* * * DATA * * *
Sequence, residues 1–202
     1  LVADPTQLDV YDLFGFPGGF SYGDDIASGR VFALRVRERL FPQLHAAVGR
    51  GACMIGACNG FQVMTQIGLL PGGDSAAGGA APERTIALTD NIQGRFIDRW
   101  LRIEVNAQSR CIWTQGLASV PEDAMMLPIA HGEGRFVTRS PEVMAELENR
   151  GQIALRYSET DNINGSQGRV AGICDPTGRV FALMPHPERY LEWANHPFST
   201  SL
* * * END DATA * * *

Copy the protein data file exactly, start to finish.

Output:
Sequence, residues 1–202
     1  LVADPTQLDV YDLFGFPGGF SYGDDIASGR VFALRVRERL FPQLHAAVGR
    51  GACMIGACNG FQVMTQIGLL PGGDSAAGGA APERTIALTD NIQGRFIDRW
   101  LRIEVNAQSR CIWTQGLASV PEDAMMLPIA HGEGRFVTRS PEVMAELENR
   151  GQIALRYSET DNINGSQGRV AGICDPTGRV FALMPHPERY LEWANHPFST
   201  SL